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Key to grape success? Deep irrigation

Bunch of grapes on vine in sun
Grapes need a lot of sun and water for best results. (Photos: Debbie Arrington )

Vines require a lot of water, sun for best harvest

Are your grapes getting enough water?

Summer irrigation is crucial for a good harvest. Grape vines may adapt to drought conditions and low water supply, but they’ll bear a lot fewer if any grapes.

According to the UC Cooperative Extension master gardeners, grapes need deep irrigation every two weeks during these hot summer months (or more if the heat is particularly brutal). Give vines a slow, deep soaking that fills their root zone.

Drip irrigation works well with grapes, but remember, they need a lot of water. According to the master gardeners, each mature trellised vine needs 8 to 10 gallons a day. Less vigorous or young vines still need 6 to 8 gallons daily. (By comparison, a tomato plant requires about 5 gallons of water a week.)

Consistent irrigation will prevent several grape problems.

“Avoid water stress during the period between bloom and berry softening,” say the master gardeners. “Fruit on the vine may succumb to cracking if the vines are allowed to dry and then wet again. Check the soil profile to be sure the plants are getting adequate water but not too much.”

Thirsty vines don’t like a feast-or-famine water cycle. For nice plump grapes, keep the soil evenly moist. Use a moisture meter, a soil probe or just look – with a trowel, dig down a few inches.

Grapes require sun for sweetness. Although vines may produce grapes in shady spots, the plant needs at least eight hours a day of full sun for the grapes to produce enough sugar to taste “sweet.”

Grape bunch in shade on vine
Grapes that ripen in shade tend to be less sweet.

Sunlight on the fruit can bring out the grape’s sweetness and color (especially red varieties). That’s why vineyards may snip off leaves shading grape clusters. Grapes ripened in the sun tend to be sweeter than those that ripen on the shady side of the plant. But clusters still need some afternoon shade or the grapes can become sunburned.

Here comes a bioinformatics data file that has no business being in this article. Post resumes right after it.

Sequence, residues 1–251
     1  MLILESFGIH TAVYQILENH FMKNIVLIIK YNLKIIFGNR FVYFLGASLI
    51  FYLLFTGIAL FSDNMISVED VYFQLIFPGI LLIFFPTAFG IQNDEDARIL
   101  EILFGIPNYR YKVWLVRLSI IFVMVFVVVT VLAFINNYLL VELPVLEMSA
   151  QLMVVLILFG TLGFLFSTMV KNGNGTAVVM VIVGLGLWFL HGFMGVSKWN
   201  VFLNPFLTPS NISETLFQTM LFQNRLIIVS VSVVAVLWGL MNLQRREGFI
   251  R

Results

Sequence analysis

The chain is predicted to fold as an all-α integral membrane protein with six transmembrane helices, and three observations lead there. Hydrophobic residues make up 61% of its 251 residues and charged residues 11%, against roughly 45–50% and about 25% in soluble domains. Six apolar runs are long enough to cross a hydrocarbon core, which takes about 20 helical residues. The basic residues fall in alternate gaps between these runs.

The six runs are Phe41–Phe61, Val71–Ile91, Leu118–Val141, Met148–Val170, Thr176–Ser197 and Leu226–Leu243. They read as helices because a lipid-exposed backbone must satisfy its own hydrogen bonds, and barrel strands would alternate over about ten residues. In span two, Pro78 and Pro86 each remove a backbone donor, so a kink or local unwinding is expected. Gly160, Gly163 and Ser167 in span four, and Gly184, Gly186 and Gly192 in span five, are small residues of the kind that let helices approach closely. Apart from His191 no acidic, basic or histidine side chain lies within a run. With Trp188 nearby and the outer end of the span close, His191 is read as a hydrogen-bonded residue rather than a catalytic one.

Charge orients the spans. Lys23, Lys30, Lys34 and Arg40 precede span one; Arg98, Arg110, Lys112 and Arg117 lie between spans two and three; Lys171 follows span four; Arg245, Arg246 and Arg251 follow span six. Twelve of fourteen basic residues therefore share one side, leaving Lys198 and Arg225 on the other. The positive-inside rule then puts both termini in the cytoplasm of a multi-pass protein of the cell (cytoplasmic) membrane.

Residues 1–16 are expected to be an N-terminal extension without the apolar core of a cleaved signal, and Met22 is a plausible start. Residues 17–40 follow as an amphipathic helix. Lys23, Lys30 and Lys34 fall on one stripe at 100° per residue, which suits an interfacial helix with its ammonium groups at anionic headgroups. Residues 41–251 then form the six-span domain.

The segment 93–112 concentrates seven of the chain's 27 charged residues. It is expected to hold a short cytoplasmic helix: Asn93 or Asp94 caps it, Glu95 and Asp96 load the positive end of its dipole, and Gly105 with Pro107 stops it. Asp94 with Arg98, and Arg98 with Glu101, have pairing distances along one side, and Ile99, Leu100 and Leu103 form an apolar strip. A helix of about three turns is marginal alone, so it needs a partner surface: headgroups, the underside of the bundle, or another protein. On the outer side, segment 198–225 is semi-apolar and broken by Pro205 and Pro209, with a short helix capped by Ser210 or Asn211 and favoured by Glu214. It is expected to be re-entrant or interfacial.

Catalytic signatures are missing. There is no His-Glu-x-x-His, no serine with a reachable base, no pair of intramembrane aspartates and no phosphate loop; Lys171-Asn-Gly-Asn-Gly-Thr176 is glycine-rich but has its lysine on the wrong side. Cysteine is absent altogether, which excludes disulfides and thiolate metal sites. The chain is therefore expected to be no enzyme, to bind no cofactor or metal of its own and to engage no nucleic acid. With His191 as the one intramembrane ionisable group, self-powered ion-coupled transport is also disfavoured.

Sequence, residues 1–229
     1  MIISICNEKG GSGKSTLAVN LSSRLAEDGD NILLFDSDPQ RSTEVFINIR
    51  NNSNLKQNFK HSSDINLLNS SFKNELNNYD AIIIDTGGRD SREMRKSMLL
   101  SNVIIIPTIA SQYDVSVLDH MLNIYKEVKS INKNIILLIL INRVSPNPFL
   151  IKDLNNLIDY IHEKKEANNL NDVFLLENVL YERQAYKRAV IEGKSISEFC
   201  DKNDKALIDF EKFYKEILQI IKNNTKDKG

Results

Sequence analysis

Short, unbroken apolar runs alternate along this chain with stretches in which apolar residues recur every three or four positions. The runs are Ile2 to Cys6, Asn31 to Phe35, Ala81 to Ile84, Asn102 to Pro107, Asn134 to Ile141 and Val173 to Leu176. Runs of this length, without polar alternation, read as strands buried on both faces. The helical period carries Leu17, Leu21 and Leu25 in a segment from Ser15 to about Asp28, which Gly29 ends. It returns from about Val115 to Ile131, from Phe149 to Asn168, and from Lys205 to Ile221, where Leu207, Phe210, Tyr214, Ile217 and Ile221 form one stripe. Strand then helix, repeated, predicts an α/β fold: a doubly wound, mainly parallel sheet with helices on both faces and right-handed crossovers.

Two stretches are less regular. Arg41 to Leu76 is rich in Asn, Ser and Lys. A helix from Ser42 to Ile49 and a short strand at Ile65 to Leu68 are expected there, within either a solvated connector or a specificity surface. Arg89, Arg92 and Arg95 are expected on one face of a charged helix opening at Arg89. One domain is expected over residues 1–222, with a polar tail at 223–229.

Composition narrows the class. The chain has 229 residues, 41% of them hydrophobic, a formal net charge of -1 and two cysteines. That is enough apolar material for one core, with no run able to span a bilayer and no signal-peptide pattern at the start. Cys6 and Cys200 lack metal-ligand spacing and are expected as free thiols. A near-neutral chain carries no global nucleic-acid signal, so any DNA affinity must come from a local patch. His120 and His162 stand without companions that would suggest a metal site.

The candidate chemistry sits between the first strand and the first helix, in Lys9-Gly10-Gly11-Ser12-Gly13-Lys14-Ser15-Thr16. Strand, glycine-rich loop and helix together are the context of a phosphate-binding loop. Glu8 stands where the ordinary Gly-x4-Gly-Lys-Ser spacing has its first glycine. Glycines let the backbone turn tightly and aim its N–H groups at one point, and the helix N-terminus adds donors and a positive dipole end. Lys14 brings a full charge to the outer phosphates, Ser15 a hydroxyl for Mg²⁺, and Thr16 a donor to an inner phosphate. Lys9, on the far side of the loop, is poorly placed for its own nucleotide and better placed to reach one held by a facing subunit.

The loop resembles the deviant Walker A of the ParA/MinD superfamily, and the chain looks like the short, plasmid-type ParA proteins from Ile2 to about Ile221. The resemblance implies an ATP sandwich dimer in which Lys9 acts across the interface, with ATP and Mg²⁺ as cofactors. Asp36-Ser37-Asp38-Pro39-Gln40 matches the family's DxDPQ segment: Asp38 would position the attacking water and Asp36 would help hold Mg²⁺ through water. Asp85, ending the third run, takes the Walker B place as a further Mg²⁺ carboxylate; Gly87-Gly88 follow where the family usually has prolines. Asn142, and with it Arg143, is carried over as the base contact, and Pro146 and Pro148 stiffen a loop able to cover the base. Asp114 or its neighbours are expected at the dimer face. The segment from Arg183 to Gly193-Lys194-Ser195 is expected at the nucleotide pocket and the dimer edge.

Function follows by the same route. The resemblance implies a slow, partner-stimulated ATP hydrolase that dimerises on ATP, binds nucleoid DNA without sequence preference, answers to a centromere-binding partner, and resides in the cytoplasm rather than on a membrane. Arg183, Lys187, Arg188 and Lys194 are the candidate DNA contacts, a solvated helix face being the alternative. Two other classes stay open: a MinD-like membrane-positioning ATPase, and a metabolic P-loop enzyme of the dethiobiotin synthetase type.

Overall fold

When to pick? Grapes ripen on their own schedule and may look ready before they actually are at their sweetest. The only way to tell is test. Pick a plump grape and taste it. If it’s not sweet, wait a few days, then test again.

For loads of great grape advice, check out the UCCE grape page:


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Dig In: Garden Checklist

For week of June 4:

Because of the comfortable weather, it’s not too late to set out tomato and pepper seedlings as well as squash and melon plants. They’ll appreciate this not-too-hot weather. Just remember to water.

* From seed, plant corn, pumpkins, radishes, melons, squash and sunflowers.

* Plant basil to go with your tomatoes.

* Transplant summer annuals such as petunias, marigolds and zinnias.

* It’s also a good time to transplant perennial flowers including astilbe, columbine, coneflowers, coreopsis, dahlias, rudbeckia, salvia and verbena.

* Let the grass grow longer. Set the mower blades high to reduce stress on your lawn during summer heat. To cut down on evaporation, water your lawn deeply during the wee hours of the morning, between 2 and 8 a.m.

* Tie up vines and stake tall plants such as gladiolus and lilies. That gives their heavy flowers some support.

* Dig and divide crowded bulbs after the tops have died down.

* Feed summer flowers with a slow-release fertilizer.

* Mulch, mulch, mulch! This “blanket” keeps moisture in the soil longer and helps your plants cope during hot weather.

* Thin grapes on the vine for bigger, better clusters later this summer.

* Cut back fruit-bearing canes on berries.

* Feed camellias, azaleas and other acid-loving plants.

* Trim off dead flowers from rose bushes to keep them blooming through the summer. Roses also benefit from deep watering and feeding now. A top dressing of aged compost will keep them happy. It feeds as well as keeps roots moist.

* Pinch back chrysanthemums for bushier plants with many more flowers in September.

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